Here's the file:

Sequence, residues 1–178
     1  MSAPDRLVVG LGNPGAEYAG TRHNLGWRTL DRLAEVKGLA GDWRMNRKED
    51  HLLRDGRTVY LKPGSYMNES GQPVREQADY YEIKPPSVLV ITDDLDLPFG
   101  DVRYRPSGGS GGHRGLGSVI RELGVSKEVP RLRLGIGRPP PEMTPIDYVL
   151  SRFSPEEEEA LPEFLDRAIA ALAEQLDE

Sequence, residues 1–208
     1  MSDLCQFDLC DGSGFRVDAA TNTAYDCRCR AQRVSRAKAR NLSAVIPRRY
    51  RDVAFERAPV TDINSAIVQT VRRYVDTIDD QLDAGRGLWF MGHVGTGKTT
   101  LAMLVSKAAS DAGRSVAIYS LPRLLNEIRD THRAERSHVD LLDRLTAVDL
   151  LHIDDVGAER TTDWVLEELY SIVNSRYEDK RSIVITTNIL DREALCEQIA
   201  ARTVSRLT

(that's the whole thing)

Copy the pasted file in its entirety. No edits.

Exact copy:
Sequence, residues 1–178
     1  MSAPDRLVVG LGNPGAEYAG TRHNLGWRTL DRLAEVKGLA GDWRMNRKED
    51  HLLRDGRTVY LKPGSYMNES GQPVREQADY YEIKPPSVLV ITDDLDLPFG
   101  DVRYRPSGGS GGHRGLGSVI RELGVSKEVP RLRLGIGRPP PEMTPIDYVL
   151  SRFSPEEEEA LPEFLDRAIA ALAEQLDE

Sequence, residues 1–208
     1  MSDLCQFDLC DGSGFRVDAA TNTAYDCRCR AQRVSRAKAR NLSAVIPRRY
    51  RDVAFERAPV TDINSAIVQT VRRYVDTIDD QLDAGRGLWF MGHVGTGKTT
   101  LAMLVSKAAS DAGRSVAIYS LPRLLNEIRD THRAERSHVD LLDRLTAVDL
   151  LHIDDVGAER TTDWVLEELY SIVNSRYEDK RSIVITTNIL DREALCEQIA
   201  ARTVSRLT